Masks worn by ALL staff in the OR?

  1. Hi all... just a few quick questions.... I have seen some questionable practice of late and was just curious as to what happens at your place of work....

    At your facility do ALL staff in theatre wear masks?

    Also, with ortho cases... do staff have to wear a balaclava?

    Are staff other than the scout nurses allowed in and out of theatre throughout an ortho case?

    Does anyone have any links to articles that have studied the correlation between the wearing of masks by all staff in the OR versus post op infection and/or other complications?

    I have just started working casually at a number of facilities and the norm differs immensly....

    Thanks everyone....
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  2. 7 Comments

  3. by   suzanne4
    Everyone must wear a mask when there is an open case in the room. If you are cleaning after the case or restocking when no case in the room, then no mask is required.
    Ortho cases normally have very restricted traffic, essentially means no one in or out until closing has started. Room is set up but packs are not opened until the patient is in the room to cut down on contaminants. Most ortho teams wear the full hood set-up with air pump behind them. We don't allow the circulators to go in and out, which I believe are similar to your scout nurses. Several of the hospitals where I have worked actually had small doors that could be opened for supplies to be delivered to when you phoned out for them, buy the nurse never leaves......not even for a "potty" break during those cases.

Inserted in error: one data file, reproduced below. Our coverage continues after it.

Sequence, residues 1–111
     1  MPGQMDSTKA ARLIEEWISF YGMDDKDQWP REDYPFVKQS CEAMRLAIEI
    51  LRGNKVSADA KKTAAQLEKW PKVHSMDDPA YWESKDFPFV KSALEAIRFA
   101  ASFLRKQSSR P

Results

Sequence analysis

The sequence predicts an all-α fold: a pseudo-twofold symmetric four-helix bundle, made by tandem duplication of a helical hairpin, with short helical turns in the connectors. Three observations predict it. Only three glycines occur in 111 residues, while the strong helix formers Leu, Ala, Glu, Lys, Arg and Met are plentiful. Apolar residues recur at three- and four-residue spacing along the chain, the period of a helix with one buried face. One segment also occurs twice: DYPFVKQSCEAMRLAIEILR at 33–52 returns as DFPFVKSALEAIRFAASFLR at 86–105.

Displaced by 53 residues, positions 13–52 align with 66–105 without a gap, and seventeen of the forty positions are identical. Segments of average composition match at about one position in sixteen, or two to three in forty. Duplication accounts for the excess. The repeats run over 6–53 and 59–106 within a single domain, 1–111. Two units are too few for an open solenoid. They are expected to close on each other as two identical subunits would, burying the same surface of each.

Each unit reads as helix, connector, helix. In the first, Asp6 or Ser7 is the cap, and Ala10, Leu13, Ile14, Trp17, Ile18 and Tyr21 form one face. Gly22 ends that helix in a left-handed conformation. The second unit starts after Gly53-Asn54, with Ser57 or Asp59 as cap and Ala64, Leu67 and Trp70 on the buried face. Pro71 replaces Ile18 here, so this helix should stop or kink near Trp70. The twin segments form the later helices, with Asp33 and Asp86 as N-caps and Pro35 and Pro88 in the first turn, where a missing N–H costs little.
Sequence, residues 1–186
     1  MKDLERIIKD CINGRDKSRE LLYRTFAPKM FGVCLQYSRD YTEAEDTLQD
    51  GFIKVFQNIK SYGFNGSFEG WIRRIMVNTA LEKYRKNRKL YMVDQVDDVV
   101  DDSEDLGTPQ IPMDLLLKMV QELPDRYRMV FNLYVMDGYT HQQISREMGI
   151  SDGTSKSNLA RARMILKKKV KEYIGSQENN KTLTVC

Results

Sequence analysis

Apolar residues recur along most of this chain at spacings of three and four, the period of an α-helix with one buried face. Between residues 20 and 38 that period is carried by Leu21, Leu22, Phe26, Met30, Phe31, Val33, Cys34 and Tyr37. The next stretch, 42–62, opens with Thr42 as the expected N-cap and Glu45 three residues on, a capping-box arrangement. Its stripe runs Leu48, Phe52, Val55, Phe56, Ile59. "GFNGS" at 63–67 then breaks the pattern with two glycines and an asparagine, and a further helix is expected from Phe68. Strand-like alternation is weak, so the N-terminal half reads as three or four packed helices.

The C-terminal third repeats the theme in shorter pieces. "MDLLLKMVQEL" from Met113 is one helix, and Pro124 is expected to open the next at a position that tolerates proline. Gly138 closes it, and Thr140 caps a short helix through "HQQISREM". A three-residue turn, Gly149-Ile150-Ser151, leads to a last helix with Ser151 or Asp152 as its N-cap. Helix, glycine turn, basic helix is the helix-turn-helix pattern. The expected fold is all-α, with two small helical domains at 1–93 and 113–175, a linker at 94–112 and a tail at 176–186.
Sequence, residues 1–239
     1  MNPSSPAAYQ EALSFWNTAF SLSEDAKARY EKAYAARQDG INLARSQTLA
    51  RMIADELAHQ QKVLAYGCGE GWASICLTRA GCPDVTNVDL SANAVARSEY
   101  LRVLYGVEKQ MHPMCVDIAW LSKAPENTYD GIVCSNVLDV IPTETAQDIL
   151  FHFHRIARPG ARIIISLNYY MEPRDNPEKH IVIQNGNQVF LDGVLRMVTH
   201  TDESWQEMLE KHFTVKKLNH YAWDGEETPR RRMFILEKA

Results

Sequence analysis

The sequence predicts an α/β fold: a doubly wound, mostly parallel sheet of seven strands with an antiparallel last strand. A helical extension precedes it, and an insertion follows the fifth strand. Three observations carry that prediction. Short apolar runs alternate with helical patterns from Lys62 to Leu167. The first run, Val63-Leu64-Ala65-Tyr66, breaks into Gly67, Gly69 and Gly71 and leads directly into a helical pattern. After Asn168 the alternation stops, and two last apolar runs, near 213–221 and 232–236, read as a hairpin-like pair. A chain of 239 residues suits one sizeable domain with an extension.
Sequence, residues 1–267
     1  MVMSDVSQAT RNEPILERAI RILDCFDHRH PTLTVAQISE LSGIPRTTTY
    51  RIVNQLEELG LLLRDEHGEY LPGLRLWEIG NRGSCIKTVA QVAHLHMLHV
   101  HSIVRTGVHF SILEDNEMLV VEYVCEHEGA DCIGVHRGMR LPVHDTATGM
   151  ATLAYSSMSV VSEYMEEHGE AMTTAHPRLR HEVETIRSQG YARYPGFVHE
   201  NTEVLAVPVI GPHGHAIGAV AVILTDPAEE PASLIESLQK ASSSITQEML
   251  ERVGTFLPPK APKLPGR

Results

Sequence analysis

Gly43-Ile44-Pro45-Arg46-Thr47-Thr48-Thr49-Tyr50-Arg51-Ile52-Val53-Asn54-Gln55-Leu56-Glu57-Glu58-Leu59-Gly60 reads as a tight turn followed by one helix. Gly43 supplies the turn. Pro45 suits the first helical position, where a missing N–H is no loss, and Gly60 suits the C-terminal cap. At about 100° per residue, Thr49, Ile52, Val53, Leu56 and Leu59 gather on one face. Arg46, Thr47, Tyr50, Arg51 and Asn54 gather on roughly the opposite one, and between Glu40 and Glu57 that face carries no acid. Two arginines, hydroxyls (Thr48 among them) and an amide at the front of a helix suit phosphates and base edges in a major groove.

I have never been in an OR where masks were not worn.
  4. by   shodobe
    We always wear masks during procedures except during urology cases such as cystos and such, no reason to. As for ortho, where I work we do not wear hoods or even use laminar flow anymore. There are so many opinions on their use one has to think the ortho community doesn't have a clue what's right. We tape off the OR door and go in and out of a door that goes into a small room between ORs. The circulator can go on "potty" breaks though when relieved. We have always opened cases before the patient goes into the room and we have a virtual "0" infection rate. Mike
  5. by   carcha
    There is a lot of literature on this too numerous to mention, however some years ago it was deemed unnecessary for the circulating staff to wear a mask. Theres so much on this I really dont have to go into it as you'll find it. In our facility no circulating nurse wears a mask. All scrub nurses, and teams do but no circulating nurses.
  6. by   stevierae
    A lot of places where I have worked don't use "total joint protocol" anymore. The hoods hang in a storeroom, gathering dust. We do try to keep excess traffic down, just like in any other case--we are not fanatical about it. The circulator gets a break and lunch just like in any other room. There is no outside circulator these days. If we have laminar flow, we always use it; that is, it's on for any case, not just total joints. Masks, yes we wear as long is surgery is underway or preparing to get underway (with a patient and/or sterile instuments in the room) and when opening sterile instruments--but to go in and out of empty rooms to restock or whatever; no, we don't wear masks.